An introduction to head cold symptoms
A head cold is caused by the same viruses responsible for the common cold. However, for various reasons, the infection affects the tissues of the head and back of the throat more than other parts of the body.
This gives rise to a number of specific symptoms. This page describes some of these symptoms and what you can do to help yourself, if you have a head cold.
Symptoms of a head cold
Head colds lead to inflammation in the nasal passages. These in turn can cause inflammation in the middle ear, sinuses and the back of the throat. This helps us better understand the more common symptoms of a head cold which are:
- A blocked nose. This can of course be seen with ‘normal colds’. Typically, nasal congestion is the predominant symptom in head colds, caused by swelling of the tissues in the nasal passages. It is often described as feeling ‘bunged up’.
- Headache. This is also quite a common symptom of head colds and caused by inflammation in the sinuses which are cavities (or caves) in the skull. There are four pairs of sinuses and each of these opens into the nose and back of the throat. As tissues in this area swell, the openings become blocked and pressure builds up within the sinus cavities, giving rise to headaches.
- Earache. The part of the ear behind the eardrum is called the middle ear and it is connected to the back of the throat in a similar way to sinuses. If this becomes inflamed, pressure builds up in the ear giving rise to earache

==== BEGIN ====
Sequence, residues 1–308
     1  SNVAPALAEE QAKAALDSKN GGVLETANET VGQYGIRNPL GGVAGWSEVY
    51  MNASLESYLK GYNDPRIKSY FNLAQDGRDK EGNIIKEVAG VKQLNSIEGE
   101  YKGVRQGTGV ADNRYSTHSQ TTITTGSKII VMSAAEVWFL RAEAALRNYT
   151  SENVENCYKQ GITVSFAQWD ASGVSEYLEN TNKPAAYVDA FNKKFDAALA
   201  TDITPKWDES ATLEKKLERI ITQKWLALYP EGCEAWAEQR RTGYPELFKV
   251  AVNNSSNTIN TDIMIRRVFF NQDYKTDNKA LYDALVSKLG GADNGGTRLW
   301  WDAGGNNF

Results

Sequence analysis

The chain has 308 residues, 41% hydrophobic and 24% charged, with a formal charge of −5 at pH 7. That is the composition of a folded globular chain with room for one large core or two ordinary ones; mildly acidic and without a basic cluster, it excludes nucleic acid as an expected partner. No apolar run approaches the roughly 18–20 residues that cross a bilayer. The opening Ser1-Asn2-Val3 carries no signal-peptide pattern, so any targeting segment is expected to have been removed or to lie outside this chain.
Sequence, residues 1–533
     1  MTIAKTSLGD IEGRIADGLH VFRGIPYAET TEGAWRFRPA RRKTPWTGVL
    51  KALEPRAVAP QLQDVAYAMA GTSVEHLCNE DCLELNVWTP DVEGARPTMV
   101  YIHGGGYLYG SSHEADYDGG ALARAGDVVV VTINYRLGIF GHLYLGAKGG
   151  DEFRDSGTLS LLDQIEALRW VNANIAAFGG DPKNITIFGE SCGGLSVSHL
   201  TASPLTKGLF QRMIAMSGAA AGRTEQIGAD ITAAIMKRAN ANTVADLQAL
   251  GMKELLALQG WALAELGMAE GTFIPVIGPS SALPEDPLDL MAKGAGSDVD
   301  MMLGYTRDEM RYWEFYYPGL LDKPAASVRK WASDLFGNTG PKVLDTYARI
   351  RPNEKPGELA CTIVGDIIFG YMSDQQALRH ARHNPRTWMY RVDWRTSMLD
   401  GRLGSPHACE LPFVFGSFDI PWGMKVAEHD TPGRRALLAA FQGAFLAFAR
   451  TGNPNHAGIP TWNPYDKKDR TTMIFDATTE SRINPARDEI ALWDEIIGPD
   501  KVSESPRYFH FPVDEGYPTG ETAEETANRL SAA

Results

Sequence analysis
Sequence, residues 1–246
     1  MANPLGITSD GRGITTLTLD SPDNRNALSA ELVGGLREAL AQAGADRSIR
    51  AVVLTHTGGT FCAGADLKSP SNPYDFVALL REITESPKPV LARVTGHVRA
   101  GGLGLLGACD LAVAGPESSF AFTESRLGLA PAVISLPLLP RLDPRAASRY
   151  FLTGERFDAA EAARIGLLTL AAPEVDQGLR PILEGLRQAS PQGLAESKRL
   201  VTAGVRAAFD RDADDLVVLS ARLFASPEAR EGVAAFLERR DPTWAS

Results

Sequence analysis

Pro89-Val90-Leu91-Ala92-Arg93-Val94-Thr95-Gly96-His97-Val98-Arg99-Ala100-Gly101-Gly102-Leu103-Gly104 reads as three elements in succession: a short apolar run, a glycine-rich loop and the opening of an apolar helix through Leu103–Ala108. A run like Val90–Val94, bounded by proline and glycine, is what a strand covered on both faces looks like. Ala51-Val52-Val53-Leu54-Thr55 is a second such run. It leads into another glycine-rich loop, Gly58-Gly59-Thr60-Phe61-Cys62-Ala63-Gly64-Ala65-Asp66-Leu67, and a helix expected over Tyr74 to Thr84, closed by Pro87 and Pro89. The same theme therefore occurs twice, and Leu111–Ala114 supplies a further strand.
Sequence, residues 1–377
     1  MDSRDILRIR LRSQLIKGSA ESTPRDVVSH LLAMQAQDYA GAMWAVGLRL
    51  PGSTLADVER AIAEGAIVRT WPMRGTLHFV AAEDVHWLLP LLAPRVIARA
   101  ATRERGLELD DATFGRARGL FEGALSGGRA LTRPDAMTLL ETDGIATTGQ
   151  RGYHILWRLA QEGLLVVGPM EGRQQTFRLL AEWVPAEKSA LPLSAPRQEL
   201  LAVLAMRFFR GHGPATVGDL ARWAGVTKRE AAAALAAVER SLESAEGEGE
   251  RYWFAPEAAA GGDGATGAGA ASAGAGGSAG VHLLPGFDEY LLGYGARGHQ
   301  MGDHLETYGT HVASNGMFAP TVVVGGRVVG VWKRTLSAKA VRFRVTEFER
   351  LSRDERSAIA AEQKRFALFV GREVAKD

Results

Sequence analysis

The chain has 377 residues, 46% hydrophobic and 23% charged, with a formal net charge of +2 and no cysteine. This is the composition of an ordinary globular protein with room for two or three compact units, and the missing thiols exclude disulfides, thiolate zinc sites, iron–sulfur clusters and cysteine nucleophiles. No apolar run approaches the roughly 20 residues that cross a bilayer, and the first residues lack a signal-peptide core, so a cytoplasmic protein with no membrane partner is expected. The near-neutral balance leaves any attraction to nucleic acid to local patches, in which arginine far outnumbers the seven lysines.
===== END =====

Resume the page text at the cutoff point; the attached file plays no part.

- Sore throat. The back of the throat, called the pharynx, can be infected and inflamed with a head cold. If severe, a sore throat might develop.
How can herbal remedies help?
There are a number of herbal remedies which can be used to help ease the symptoms of a head cold.
- Echinacea is the herb of choice for any cold or flu. It helps to treat all the symptoms and addresses the fundamental infection by strengthening the immune system.
TIP: Use Echinacea drops or tablets to treat the underlying infection responsible for a head cold.
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- A nasal decongestant is of benefit to most people with head colds. Freeing up the nasal passages will also help relieve any pressure within the sinuses or middle ear and the associated symptoms of headache and earache.
TIP: Use a menthol based nasal spray for blocked noses caused by head colds. Unlike other nasal decongestants, this can be used for up to 30 days.
- If you have a sore throat, try Sage – it has been used for many years for throat infections and inflammation. Combining Sage with Echinacea means that other symptoms of a head cold can also be addressed.
TIP: Echinaforce® Sore Throat spray is a combination of freshly harvested Echinacea and Sage and is great for sore throats due to head colds. The spray format means that you can direct the medicine to precisely the area troubling you.
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When to go to the doctor?
Seek medical attention for your head cold if:
- Your symptoms do not improve despite your attempts at treating them
- You suffer from severe or blinding headaches
- Your earache is severe and your hearing is affected
- You experience visual disturbances or flashing lights
- You experience any neck stiffness
- You have a high fever (over 39oC)